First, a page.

Finally, the FDA has approved a new drug for treatment of dementia - and researchers (and the FDA's own panel of experts) are up in arms. Joe Ross tells us why he thinks the decision was the wrong one, and why patients may be harmed because of it.
Wellbeing - are men worse at sounding the alarm about their mental health?
We've been bringing you stories of doctors wellbeing for a while in the podcast, but we noticed a pattern. Woman would come on and talk about their own difficulties, men would talk about other peoples - so we wanted to dive into that a bit, and called out on twitter for men who would be willing to open up to our listeners about their own mental health.
This interview is with Zeshan Quereshi - consultant in paediatrics, author and TedX talker. In this conversation we talk about why it is that men are particularly disinclined to open up about their difficulties at work, and what Zeshan has done to try and support his own.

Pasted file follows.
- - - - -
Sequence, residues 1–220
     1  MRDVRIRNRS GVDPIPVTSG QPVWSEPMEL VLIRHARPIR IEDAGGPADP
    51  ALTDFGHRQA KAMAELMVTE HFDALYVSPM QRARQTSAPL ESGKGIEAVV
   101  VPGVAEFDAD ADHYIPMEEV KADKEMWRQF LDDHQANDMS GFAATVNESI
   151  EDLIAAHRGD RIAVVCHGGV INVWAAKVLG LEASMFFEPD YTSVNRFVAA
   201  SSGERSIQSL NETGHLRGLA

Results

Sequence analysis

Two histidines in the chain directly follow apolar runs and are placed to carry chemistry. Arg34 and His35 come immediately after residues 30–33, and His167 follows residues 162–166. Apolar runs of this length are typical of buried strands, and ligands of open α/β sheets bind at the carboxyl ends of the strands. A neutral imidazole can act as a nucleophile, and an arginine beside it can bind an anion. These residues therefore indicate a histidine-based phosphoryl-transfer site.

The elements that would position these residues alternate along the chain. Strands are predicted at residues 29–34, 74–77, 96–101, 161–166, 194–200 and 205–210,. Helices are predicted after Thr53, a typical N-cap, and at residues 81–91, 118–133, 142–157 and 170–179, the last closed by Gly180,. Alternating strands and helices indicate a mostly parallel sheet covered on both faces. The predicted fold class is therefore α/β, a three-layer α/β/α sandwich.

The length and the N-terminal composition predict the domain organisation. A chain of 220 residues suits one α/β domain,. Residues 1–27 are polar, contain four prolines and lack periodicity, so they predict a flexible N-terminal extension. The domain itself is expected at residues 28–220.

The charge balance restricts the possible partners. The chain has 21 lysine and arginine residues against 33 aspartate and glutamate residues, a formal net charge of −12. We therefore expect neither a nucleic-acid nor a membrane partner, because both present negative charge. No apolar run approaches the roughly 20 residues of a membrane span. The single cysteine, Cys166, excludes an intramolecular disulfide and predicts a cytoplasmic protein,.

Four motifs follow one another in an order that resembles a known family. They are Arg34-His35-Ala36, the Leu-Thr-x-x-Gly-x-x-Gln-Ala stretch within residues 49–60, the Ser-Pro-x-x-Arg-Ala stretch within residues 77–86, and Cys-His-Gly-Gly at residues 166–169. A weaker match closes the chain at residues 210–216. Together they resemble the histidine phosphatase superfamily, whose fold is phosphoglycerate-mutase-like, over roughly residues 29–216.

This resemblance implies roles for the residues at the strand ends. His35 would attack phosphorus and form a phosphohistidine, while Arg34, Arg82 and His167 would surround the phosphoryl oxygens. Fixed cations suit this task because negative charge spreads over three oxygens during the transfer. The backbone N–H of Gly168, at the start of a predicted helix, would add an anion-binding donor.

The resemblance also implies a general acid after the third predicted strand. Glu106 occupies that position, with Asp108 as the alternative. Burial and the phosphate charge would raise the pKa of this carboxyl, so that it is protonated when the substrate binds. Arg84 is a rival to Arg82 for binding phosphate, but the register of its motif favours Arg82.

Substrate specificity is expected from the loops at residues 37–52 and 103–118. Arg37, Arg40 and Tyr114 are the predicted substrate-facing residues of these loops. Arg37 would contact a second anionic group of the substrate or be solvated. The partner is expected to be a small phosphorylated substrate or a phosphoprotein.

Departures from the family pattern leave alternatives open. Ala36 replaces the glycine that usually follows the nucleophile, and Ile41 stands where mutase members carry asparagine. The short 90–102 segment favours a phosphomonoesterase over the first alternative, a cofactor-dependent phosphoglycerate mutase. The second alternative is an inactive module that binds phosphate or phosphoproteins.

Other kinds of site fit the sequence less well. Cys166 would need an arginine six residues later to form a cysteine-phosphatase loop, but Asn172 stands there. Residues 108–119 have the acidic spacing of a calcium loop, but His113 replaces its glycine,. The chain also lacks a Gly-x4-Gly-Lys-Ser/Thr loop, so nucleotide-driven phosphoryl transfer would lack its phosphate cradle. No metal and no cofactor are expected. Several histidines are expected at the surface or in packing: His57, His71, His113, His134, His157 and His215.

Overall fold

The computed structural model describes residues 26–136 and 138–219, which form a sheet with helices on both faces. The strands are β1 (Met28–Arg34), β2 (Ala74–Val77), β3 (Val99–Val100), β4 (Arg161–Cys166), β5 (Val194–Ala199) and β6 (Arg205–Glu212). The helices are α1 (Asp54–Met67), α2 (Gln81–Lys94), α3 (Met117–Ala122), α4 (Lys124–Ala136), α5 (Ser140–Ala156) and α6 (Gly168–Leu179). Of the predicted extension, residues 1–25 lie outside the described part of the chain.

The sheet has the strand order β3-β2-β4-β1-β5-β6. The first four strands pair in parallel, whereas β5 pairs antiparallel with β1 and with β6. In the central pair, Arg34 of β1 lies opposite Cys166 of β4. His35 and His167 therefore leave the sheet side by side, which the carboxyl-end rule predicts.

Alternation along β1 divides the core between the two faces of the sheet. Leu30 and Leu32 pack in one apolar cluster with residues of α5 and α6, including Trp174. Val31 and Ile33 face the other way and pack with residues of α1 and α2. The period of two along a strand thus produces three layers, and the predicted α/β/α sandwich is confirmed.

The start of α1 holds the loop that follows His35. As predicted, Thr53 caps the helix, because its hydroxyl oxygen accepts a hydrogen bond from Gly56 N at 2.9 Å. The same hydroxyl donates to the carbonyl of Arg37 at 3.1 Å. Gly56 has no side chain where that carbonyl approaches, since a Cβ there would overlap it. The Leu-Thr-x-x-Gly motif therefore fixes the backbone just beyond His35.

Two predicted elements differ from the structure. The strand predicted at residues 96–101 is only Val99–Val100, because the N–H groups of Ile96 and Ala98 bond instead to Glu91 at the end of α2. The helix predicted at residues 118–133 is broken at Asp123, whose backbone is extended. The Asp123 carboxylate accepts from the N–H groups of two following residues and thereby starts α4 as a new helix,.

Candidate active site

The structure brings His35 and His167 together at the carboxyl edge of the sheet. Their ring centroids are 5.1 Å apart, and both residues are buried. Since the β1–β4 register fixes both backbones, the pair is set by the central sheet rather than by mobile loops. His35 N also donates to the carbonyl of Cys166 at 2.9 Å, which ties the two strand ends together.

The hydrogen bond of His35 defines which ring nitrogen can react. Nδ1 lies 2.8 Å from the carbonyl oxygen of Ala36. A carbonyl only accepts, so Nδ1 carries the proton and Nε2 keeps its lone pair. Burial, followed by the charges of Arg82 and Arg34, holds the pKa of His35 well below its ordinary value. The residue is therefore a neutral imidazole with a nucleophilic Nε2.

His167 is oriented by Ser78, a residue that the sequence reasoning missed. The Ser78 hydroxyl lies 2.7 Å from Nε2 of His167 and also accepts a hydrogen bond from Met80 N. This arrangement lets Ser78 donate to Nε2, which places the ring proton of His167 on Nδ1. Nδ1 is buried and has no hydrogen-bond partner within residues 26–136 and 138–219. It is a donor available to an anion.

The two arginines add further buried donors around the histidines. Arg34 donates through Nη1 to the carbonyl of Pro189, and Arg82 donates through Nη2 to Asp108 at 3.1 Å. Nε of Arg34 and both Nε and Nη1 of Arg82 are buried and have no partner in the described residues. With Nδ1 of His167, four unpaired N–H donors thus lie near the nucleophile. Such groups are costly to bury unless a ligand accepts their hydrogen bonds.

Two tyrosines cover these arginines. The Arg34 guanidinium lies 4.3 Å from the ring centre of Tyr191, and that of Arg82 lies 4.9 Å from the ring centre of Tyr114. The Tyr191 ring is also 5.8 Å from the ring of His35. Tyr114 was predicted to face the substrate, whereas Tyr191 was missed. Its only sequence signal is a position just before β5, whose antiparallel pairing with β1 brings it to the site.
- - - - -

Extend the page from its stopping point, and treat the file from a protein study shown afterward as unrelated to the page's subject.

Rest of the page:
Zeshan's TedX talk
Coronavirus Second Wave - wrapping up the UK's response
Finally it seems that life might return to normal in the UK, as the vaccination efforts continue apace, and despite concern about increasingly spreading variants, our hospitals are not being overwhelmed.
Because of this, we are changing our approach to covering the pandemic - and taking this second wave podcast to pastures new, but before that, in this last episode we’re going to look backwards and forwards, at the UK’s response.
On the panel today are